03 Feb 2014

Western Australia’s second Gas Statement of Opportunities (GSOO) confirms once again that an open and competitive market – not government intervention – is the key to guaranteeing the state’s long-term energy security.

Released by the state’s Independent Market Operator, the GSOO reconfirms forecasts of strong annual growth for WA’s domestic gas supply over the next decade compared to only modest growth in demand.

Stedman Ellis, Chief Operating Officer – Western Region at APPEA said: “The GSOO report has once again called into question the need for WA’s protectionist gas reservation policy, which delivers little more than subsidised gas for big industrial gas users.

“APPEA believes long-term energy security is best delivered through efficiently operating markets and by encouraging new entrants and competition, a view that is shared by other Australian governments that have considered and rejected the need for reservation policies.

“The State Government should abolish its reservation policy and focus its efforts on attracting investment for new gas developments.

“Australia’s ability to develop new gas projects is already threatened by rising costs at home and growing competition abroad. Policies that dictate where and how gas can be sold represent a further barrier to investment.”

Some major industrial gas users also acknowledge that market interference is unsustainable.

As Orica Chairman, Russell Caplan, acknowledged in today’s Australian, gas users need to stop seeking government intervention and look to “self-help” initiatives. “At the end of the day, gas producers will want to sell gas at world prices,” Mr Caplan said. “I think that tide is irreversible and shouldn’t be reversed, because companies need to get out and look after themselves.” (The Australian p17)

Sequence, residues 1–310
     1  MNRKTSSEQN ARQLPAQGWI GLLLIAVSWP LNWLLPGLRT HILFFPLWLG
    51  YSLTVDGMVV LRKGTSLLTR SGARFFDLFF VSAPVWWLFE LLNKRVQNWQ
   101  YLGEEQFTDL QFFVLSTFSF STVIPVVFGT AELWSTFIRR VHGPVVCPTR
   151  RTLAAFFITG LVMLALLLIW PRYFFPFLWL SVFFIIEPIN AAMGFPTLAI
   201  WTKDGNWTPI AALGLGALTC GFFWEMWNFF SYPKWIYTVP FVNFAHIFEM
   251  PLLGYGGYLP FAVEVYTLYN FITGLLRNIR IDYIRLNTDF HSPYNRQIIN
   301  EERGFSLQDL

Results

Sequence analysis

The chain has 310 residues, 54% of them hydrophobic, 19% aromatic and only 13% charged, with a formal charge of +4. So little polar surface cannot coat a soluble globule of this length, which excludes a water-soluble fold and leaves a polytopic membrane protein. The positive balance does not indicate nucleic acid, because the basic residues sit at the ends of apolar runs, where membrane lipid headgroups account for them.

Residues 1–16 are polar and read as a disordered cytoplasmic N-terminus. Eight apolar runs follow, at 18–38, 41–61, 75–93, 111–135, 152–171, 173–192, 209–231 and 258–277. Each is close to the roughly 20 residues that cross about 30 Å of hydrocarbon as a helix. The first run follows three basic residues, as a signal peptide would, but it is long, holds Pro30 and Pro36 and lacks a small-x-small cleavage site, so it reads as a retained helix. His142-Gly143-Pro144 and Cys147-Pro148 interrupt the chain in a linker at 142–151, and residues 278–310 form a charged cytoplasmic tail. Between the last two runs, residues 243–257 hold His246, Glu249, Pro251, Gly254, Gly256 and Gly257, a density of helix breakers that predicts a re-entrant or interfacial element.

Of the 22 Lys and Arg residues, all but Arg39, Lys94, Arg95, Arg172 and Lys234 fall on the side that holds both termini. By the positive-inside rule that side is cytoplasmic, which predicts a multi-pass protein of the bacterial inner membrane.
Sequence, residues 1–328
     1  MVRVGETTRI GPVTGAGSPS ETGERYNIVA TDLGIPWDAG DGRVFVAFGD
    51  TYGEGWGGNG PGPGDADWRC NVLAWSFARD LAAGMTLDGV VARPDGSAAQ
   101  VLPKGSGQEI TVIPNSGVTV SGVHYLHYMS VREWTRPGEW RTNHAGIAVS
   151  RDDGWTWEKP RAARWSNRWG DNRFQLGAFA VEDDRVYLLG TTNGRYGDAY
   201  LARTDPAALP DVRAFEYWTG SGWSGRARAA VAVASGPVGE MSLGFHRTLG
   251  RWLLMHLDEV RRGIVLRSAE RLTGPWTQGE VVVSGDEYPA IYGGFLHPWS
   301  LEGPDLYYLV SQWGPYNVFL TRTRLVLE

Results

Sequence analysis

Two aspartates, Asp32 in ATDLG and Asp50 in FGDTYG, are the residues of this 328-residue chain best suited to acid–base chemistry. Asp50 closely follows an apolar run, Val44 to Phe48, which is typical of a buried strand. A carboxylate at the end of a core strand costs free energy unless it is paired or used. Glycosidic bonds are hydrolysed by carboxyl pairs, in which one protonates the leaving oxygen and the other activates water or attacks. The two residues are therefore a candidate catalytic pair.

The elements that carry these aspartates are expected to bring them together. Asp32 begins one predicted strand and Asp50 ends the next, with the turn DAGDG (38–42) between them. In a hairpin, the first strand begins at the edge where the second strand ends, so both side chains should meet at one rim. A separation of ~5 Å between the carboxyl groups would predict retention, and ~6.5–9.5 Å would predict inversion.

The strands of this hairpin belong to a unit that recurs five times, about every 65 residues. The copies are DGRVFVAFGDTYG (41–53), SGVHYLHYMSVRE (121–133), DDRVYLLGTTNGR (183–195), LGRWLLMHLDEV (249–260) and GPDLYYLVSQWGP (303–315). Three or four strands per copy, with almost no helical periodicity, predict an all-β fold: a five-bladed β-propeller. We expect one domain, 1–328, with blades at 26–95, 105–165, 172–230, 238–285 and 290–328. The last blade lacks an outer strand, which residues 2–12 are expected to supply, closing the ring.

WA’s GSOO confirms there is more than enough gas and processing capacity to meet any of the IMO’s forecast demand scenarios. It notes that producers remain willing to supply gas to the domestic market if commercially acceptable terms can be agreed with existing or potential gas consumers.

Mr Ellis said: “WA is experiencing a growing level of competition in the domestic gas supply market as new capacity comes on stream, as demonstrated by the recent addition of the Devil Creek, Macedon and Red Gully domestic gas facilities.

“These projects proceeded because buyers were willing to commit to commercial terms that underpin the enormous investment required to develop and construct a gas processing facility.

“They have been driven by market forces, not by government intervention in the form of a reservation policy.

“The expansion of the Mondarra gas storage facility and the State Government’s initiatives of the GSOO and Gas Bulletin Board (GBB) provide further evidence that the WA gas market is maturing.”

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